‘Illustrator’ is much more than just a program – it’s a professional.
Here’s a classic example of why ‘pulp art’ is so powerful to me and brings up some points on what a professional illustrator today has to offer. Hugh Joseph Ward created this illustration in 1942.
Look at some elements going on in this image:
- The woman has climbed to the top of an electrical pole trying to escape the nut with a knife; she’s dangerously close to touching the wires in her panic.
- She’s about to stamp her shoe maker’s name into the guy’s face.
- There is the contrast of opposites – sign says “Cozy Cabins”, and there’s definitely nothing cozy in this scene.
- Even though she’s dressed revealing, she’s probably showing less than most female character’s in today’s graphic novels. Sex has always sold, but as in design – less is more and imagination is powerful stuff.
Hugh Ward painted this illustration (oil on canvas). Even with the current use of digital tablets and design software, illustration should be handled as an art and not eye intermission. Whatever the intended end result for the illustration art, there should be thought and planning put into it.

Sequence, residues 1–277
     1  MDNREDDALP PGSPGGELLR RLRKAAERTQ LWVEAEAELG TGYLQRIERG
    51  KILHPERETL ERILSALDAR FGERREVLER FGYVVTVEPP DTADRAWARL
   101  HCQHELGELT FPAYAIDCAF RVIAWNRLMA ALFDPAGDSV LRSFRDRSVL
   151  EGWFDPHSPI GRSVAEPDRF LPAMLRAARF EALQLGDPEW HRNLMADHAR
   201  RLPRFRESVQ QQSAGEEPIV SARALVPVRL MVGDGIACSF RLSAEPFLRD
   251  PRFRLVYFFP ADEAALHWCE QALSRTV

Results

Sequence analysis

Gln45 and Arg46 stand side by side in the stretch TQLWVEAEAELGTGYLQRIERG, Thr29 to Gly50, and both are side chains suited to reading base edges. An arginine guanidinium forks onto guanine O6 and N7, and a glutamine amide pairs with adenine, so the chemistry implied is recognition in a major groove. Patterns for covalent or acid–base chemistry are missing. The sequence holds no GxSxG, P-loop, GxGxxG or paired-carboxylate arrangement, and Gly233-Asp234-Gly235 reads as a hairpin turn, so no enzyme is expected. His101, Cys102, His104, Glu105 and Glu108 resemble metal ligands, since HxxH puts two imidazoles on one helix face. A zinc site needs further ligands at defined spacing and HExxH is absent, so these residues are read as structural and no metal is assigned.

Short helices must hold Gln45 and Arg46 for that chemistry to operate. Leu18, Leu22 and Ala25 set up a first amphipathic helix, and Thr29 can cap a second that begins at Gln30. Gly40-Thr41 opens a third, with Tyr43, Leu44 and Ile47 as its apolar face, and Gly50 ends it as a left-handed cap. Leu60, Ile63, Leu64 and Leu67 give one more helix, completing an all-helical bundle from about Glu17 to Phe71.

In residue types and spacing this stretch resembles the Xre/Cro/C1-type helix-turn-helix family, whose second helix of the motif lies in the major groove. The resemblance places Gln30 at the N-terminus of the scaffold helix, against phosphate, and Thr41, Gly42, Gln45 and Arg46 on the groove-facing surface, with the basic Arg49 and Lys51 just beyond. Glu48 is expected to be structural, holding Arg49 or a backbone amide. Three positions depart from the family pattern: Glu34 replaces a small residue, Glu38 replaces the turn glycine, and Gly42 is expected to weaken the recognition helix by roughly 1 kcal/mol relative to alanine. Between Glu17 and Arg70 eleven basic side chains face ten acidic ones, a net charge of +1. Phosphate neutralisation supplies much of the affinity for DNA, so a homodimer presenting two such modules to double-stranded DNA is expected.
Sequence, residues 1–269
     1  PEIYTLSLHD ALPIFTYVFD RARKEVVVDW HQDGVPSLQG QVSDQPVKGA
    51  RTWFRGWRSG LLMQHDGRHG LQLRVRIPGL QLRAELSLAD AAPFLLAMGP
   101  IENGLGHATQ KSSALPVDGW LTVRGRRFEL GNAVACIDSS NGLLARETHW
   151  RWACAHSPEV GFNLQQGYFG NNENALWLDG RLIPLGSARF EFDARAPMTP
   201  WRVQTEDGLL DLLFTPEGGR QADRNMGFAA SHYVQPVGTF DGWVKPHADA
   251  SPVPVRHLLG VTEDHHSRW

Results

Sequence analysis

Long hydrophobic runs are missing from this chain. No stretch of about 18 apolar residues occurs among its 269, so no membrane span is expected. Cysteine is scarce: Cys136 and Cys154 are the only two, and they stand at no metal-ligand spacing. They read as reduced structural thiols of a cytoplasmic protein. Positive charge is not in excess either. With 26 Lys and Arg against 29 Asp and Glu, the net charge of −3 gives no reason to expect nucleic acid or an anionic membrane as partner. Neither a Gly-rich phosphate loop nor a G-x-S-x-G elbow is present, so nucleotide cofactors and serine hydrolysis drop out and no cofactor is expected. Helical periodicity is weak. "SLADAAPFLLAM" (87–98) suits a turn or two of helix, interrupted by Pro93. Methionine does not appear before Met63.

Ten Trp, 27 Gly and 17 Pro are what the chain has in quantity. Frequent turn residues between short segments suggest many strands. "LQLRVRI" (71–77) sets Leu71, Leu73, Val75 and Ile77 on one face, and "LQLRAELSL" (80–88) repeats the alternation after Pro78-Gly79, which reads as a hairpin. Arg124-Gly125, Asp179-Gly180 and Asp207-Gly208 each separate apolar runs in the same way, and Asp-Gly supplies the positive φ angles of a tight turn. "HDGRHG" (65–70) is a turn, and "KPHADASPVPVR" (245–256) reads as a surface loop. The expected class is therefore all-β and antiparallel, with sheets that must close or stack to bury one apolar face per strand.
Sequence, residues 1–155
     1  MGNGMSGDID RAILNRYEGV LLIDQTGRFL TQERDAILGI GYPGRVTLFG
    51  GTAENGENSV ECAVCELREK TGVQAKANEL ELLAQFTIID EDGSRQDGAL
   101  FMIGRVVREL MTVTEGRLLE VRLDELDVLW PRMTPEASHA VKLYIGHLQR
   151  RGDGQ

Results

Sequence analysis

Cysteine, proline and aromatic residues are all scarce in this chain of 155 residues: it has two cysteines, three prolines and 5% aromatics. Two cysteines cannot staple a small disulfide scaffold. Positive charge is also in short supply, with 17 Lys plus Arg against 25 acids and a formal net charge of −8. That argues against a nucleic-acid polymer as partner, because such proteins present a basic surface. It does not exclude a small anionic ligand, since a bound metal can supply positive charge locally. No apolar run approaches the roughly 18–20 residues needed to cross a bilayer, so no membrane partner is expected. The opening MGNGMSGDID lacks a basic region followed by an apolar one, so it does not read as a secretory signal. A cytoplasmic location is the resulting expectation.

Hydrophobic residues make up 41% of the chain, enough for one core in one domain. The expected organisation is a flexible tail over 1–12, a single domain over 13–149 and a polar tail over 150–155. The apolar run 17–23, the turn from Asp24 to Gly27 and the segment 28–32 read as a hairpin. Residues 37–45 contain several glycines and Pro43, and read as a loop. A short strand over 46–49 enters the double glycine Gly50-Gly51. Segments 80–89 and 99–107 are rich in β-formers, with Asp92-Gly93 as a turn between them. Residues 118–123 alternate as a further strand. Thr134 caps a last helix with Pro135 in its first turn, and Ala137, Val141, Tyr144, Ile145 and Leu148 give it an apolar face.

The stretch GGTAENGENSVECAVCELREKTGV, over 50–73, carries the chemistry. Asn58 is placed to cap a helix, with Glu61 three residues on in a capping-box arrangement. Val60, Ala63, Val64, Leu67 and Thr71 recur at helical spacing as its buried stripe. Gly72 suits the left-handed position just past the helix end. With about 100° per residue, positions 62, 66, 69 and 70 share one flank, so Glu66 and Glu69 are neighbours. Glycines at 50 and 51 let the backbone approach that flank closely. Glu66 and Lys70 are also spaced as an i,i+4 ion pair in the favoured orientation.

I have seen and read where too many illustrators are focused on ‘copying’ a style (“I want to be able to duplicate that look”). Trying to figure out what filter or brush to use in order to achieve a similar effect –their goal for a successful illustration is more on the mimicking than planning the image. Illustration is a complex package, and it’s much more than a downloaded program zip file.
If you type ‘illustrator’ into Google, you get results for software instead of an artist. I am an illustrator, I am a professional.